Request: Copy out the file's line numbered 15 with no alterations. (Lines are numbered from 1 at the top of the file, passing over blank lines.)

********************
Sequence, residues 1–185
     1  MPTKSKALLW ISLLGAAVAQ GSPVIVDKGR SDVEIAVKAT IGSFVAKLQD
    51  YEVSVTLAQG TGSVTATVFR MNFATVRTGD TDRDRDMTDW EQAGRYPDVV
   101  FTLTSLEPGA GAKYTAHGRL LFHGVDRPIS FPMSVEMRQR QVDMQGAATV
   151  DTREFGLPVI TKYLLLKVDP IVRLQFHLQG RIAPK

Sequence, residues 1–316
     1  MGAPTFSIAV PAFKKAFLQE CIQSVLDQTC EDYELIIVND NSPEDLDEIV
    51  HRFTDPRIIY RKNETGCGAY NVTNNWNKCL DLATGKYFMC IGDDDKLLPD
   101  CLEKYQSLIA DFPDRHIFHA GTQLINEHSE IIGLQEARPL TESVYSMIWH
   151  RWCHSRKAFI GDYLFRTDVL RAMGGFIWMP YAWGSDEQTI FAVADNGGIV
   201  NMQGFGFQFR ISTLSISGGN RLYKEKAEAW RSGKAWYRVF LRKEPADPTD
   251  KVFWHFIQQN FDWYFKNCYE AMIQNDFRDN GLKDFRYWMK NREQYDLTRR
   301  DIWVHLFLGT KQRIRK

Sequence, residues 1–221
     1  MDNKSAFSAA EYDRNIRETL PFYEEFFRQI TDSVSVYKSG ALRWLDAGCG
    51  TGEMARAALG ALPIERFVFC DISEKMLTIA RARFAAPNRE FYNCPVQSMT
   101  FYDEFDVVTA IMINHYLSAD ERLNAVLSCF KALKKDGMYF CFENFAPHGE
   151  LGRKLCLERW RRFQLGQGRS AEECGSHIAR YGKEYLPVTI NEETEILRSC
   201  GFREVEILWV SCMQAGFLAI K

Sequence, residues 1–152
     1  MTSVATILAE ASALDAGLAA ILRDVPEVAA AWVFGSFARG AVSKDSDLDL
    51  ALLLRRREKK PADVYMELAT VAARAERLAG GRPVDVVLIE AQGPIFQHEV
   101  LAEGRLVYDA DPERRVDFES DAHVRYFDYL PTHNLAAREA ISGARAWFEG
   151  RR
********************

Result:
     1  MDNKSAFSAA EYDRNIRETL PFYEEFFRQI TDSVSVYKSG ALRWLDAGCG